For learning Go, check out a Go by Example and then try to build a simple CLI tool pretty quickly to codify your knowledge.

To get hyped about Rust, I recommend listening to the latest Changelog episode that covers the state of the language. The best resource I’ve found for learning the language is Rust by Example.

I find both of these languages interesting, because a great web framework in either of these languages could make them better choices than Rails for building web applications that serve APIs. As of this writing, the tooling, testing and dependency management of a typical Rails project still more than makes up for its comparatively worse performance.


One of the more annoying parts about maintaining a web application is dealing with the constant inconsequential decisions needing to be made around the structure of the API. If not thought through carefully, you will end up building an API with inconsistent semantics. An API with inconsistent semantics is frustrating to develop clients for, because it makes keeping any client code DRY nearly impossible. It is death by 1,000 corner cases.

For this reason, JSON API is particularly remarkable. It aims to be your “anti-bikeshedding weapon.” It takes very opinionated approaches on how to structure resource-based APIs on the web. Which verbs do what? How do I represent relationships? How do I update resources? JSON API gives the answer to all of these questions and more.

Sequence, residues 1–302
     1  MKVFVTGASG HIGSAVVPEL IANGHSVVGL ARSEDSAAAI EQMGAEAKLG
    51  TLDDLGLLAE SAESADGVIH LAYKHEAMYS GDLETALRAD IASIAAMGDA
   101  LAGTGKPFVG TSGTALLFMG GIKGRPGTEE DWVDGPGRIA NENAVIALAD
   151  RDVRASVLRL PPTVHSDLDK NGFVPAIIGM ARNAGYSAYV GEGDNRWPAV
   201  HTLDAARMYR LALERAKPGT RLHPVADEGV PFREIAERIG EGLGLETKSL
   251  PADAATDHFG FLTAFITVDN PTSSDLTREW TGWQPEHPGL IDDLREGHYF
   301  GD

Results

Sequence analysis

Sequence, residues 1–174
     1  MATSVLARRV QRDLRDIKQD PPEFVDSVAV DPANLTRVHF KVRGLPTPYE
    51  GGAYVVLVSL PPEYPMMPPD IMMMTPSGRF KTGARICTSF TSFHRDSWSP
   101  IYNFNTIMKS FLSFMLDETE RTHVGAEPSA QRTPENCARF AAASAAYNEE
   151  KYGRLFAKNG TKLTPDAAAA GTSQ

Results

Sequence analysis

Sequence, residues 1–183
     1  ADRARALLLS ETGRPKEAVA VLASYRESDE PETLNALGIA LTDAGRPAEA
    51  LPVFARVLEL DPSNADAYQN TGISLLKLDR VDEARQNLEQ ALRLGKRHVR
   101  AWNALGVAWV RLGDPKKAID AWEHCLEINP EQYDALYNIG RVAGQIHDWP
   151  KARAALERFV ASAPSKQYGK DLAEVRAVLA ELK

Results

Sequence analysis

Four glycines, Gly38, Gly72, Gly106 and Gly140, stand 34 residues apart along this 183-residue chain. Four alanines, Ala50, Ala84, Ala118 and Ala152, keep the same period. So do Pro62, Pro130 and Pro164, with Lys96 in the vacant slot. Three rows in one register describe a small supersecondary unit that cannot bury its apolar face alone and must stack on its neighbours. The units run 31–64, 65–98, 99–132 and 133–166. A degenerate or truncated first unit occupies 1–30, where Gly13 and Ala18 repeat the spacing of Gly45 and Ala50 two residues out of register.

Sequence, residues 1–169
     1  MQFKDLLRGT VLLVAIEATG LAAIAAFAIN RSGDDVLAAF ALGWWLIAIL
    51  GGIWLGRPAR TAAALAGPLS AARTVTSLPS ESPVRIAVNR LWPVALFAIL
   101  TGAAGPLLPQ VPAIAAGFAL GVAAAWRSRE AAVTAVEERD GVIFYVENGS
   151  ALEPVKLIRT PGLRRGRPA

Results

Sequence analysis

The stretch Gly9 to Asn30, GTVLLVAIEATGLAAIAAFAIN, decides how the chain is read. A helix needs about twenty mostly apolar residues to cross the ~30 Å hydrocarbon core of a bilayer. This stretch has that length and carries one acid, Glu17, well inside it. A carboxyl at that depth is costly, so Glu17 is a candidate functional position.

What’s even more exciting is how this opens up some very simple server and client development. In a modern Rails app, making your app speak JSON API is as simple as dropping in the JSONAPI::Resources gem. I could hardly believe how much work this saves. The same is true for clients.

JSON API is currently 1.0-rc3, though. Things have changed quite a bit in the last year since I started using JSON API in my projects. It has mostly stabilized at this point, and then team is promising full backward-compatibility from 1.0 onward.

Once this hits 1.0, I would recommend adopting it for any resource-based web APIs your team builds going forward. It pays dividends nicely.

ES6, ES7, and beyond

ES6/ES2015 has been in the works for quite some time, and native support is just now landing in modern browsers. (Most client-side frameworks have been using transpilers to give developers all ES6 features earlier.) The new hotnesses are nice, but I’m mostly excited for two features in particular: classes and modules.

While these are nice things to have in general, I hope that this will have a ripple effect on the quality of JavaScript applications. The multitude of different module-loading schemes (RequireJS, AMD, jQuery Plugins) without a single standard is a microcosm of the JavaScript ecosystem: it’s an absolute mess. Code reuse is more difficult than it needs to be, and you find multiple libraries all doing the same thing. JavaScript gets the award for Most Difficult to Successfully Install a Dependency.